Archive for September 18, 2018

Why do I have to read?

What is the purpose of reading? Or as my oldest child might put it, “Why do I have to read?” in a whiny voice. For children preschool through second grade they are learning to read. One aspect of a student starting to read is by learning all the phonemes (letter sounds). Additionally, they can also learn that when letters are put together, they can make one sound. An example would be /ch/ or /ey/. At this level, we start introducing them to the purpose of reading— comprehension. Gibson and Moss state that “Children should learn to comprehend while they are still learning decoding skills.” (Gibson and Moss, 2016, pg 10).

How can a child show you a different ways that they understood their material? As you’re reading with your child or student, every now and then, stop and ask one of the following questions: Who? What? Where? When? How? Why?

Why don’t you want to wait till the end of the story before asking these questions? Most children’s books are 3-25 pages long. They may have understood the text at the beginning but are still working on their retaining skills. Should they be penalized for focusing on decoding and the current pages? Developmentally, children have short attention spans and memory that is still maturing. Therefore, to ensure that your child has comprehended all of the text ask questions every 3-5 pages.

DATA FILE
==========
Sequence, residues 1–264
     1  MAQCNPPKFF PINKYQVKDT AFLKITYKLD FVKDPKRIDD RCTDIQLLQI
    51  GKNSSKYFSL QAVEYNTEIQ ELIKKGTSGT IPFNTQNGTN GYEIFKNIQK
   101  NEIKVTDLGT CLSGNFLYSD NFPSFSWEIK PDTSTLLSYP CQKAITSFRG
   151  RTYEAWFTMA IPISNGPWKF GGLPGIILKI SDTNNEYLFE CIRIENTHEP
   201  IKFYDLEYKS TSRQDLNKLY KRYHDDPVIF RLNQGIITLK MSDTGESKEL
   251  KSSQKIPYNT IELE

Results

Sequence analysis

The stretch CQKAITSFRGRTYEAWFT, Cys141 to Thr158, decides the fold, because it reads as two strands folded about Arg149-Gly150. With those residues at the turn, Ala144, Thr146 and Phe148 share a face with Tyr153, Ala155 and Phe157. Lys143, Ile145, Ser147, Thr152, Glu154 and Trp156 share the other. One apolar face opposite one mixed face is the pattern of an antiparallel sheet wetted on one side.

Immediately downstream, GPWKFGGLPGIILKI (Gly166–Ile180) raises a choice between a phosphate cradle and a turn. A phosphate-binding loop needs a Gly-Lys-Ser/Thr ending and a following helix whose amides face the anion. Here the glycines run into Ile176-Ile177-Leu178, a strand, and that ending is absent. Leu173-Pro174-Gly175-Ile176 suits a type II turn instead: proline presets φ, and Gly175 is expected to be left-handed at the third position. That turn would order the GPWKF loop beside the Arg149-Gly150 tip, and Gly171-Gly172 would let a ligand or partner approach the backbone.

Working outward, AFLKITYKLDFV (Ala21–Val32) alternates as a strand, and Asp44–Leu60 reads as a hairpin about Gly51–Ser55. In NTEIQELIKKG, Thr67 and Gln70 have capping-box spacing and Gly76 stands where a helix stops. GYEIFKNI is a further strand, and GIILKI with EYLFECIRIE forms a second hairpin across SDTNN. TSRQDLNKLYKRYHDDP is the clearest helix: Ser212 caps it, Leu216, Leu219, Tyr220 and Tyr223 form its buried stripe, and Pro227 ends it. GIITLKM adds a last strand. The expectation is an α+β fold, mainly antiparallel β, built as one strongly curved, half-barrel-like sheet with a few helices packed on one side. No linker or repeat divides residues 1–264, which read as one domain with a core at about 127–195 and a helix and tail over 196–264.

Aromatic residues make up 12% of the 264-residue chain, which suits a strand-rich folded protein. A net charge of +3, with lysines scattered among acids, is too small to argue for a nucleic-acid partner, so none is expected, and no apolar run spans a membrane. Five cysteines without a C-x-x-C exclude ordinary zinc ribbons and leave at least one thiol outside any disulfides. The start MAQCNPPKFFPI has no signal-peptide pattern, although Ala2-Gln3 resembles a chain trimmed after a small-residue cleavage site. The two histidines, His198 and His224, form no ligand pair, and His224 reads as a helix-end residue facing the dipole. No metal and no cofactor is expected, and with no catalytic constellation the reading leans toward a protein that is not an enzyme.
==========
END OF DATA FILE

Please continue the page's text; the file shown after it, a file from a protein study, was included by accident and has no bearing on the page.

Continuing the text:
Another thing to note, is that the questions how and why are the most difficult. The question how requires that a child list out directions or steps in a process, when they themselves can only (usually) follow 1-3 steps directions at a time.  Why requires pragmatics and awareness of community and personal experience. This is called an inferential question and then the answer isn’t found on the text.

Watch the following book by Mo Williems read a loud. Think about the questions you might ask a child to see if he/she understood the text. Then, compare your questions to those below:

Piggie and Elephant Can I Play Too? By Mo Williems

  1. Who was in the story?
  2. What did the snake want to do?
  3. What happened when Gerald threw the ball to snake?
  4. Where would you play catch?
  5. Why couldn’t snake catch the ball?
  6. How do you play catch?
  7. What makes a good friend?

Gibson and Moss reiterate that “Gaining meaning from text can be taught through careful and detailed orientation of children to each new reading book or story, extended and detailed conversations about these texts with teachers and peers, explanation of comprehension strategies, and children’s consistent use of meaning as a source of information.” (2016, pg 10).  These are just a few examples of how to start conversations through literal and inferential questions to further deepen a child’s understanding. Use these tools and the attached visual aid to help your child connect even deeper to their favorite books!

Comprehension glove

 

References

  1. Gibson, Sharan and Moss, Barbara. (2016). Every Young Child a Reader. New York City, New York: Teacher College Press.
  2. Read a book!. (November 26, 2017). Can I Play Too? Retrieved from https://www.youtube.com/watch?v=wKUTyGoAg8c
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September 18, 2018 at 8:32 pm Leave a comment


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